Be aware that some taxi apps are reliant on GPS and run the risk of entering a more dangerous area of the city, in particular favelas.
Most airports have licensed taxi desks inside the baggage reclaim areas. You can pay for your taxi in advance using a credit card or cash inside the airport rather than in the street.
Most major cities in Brazil have facilities adapted for disabled travellers, including easy-access public buses and lifts to tube stations and platforms.
You can use your UK driving licence to drive in Brazil, but an international driving permit is recommended. When driving on federal motorways (BR roads) you must turn on your headlights or face a penalty. Always observe the speed limit.
Brazil has a high road accident rate. In 2016, 6,405 people died in accidents on federal roads. Overall standards of driving are poor. Travellers should be vigilant on the roads and avoid riding bicycles. In many rural areas the quality of roads away from the main highways is poor. Bus and coach crashes are frequent.
Brazil has a zero tolerance policy on drink driving. If you’re caught driving under the influence of alcohol, you will be prosecuted. Penalties range from fines and a suspension from driving for 12 months, to imprisonment for up to 3 years.
All accidents involving personal injury should be reported immediately to the police by calling 190 or by attending to a police station to file a police report. Medical help can be obtained with the fire and rescue brigade at 193 or with the local emergency services (SAMU) at 192.
Call the police on 190 if the vehicles involved are obstructing traffic and you need help.
In Rio de Janeiro, go directly to the nearest police station (DEAT – Tourist Police station call 2332-2924 or 3399-7170 or 2334-6804) to register the accident.
Always use recognised national air carriers. There have been accidents involving light aircraft, which sometimes have poor maintenance standards. A list of recent incidents and accidents can be found on the website of the Aviation Safety Network.
We can’t offer advice on the safety of individual airlines. However, the International Air Transport Association publishes list of registered airlines that have been audited and found to meet a number of operational safety standards and recommended practices. This list is not exhaustive and the absence of an airline from this list does not necessarily mean that it is unsafe.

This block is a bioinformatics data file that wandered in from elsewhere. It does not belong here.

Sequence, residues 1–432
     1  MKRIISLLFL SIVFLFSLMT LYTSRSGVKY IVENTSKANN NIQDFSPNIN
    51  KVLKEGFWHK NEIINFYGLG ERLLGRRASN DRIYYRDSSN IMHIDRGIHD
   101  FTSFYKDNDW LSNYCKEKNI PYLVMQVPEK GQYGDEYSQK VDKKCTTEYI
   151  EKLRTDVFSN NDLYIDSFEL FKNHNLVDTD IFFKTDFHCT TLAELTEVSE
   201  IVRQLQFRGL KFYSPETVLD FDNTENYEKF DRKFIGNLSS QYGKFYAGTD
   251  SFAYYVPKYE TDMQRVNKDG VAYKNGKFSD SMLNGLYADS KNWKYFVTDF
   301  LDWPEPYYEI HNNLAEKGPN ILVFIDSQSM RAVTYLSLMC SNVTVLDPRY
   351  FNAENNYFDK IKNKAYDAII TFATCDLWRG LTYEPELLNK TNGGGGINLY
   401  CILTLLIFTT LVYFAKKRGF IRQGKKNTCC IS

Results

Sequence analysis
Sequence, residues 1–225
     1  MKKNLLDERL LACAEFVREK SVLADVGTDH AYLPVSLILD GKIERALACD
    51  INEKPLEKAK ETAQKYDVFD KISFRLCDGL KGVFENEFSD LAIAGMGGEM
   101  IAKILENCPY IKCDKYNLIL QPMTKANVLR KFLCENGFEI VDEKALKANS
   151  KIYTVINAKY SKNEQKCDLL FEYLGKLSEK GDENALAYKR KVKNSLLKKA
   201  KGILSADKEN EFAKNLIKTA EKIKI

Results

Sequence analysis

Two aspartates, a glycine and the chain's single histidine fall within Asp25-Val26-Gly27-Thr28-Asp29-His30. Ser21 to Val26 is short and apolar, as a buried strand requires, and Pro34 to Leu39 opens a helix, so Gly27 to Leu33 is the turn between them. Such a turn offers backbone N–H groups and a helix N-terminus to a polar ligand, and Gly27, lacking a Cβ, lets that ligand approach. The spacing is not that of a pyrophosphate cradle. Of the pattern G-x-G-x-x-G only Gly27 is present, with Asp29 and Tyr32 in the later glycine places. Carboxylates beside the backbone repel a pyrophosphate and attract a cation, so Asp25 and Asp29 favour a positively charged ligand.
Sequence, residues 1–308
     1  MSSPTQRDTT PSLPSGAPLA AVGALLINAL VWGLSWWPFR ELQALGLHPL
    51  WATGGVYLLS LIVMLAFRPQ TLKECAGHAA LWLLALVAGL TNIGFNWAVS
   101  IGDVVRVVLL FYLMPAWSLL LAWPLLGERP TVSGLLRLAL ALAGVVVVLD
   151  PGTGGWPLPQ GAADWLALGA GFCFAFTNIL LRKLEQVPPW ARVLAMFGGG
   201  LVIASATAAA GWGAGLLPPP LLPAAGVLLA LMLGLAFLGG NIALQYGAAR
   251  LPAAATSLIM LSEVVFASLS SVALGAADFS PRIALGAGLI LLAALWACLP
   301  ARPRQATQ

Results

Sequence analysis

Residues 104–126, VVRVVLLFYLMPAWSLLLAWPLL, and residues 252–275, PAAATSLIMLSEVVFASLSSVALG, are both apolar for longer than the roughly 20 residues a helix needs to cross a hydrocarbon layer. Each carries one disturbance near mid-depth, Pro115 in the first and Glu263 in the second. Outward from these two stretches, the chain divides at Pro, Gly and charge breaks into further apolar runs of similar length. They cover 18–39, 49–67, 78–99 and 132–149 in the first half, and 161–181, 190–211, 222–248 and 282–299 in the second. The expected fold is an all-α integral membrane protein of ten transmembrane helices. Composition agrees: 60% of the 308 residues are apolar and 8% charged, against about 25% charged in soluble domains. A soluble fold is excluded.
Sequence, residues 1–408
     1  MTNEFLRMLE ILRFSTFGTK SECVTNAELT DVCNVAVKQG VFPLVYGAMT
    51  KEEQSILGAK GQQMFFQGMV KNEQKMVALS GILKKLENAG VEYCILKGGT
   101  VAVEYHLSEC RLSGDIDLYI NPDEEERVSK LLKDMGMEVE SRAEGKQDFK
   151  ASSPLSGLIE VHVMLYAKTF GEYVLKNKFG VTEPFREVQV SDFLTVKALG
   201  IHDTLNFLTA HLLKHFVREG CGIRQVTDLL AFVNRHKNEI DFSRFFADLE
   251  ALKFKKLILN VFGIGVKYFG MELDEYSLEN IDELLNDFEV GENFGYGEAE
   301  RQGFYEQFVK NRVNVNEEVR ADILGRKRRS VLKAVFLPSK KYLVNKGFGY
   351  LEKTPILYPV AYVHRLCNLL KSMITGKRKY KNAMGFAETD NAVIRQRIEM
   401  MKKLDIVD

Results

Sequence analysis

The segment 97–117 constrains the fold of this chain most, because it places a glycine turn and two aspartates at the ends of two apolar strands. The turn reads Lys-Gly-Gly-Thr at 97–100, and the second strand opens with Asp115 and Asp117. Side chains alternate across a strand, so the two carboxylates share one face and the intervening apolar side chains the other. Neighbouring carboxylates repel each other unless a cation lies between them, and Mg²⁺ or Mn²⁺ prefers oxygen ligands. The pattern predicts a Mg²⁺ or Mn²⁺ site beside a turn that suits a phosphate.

Allow plenty of time to arrive at the airport for your flight. Traffic in the main cities, especially São Paulo and Rio, can be very heavy, particularly during rush hour.
Foreign nationals can travel on domestic flights with a valid photo ID or a police report in case of a lost or stolen passport.
Safety concerns have been raised about INSEL AIR. The US and Netherlands authorities have prohibited their staff from using the airline while safety checks are being carried out. UK government officials have been told to do the same as a precaution.
The railway infrastructure is limited and there have been safety and security incidents on this system.
Sea and river travel
Be aware of safety procedures on board vessels and check the location of life jackets, including for children if travelling with them. Boat accidents on the Amazon river are not uncommon.
Southwest river routes in the Amazon & Solimões river basin are commonly used for drug trafficking and by pirates. Both drug traffickers and pirates are likely to be armed and you should avoid travelling by river in this area. If travel is necessary seek the advice of the local authorities and take an escort.
There have been armed and unarmed attacks on merchant vessels, including British flag vessels off the Brazilian coast and in some Brazilian ports.
Strong currents and sharks can be a danger off some beaches. Take local advice before swimming including paying attention to warning flags on beaches and the location of lifeguards if present on the beach.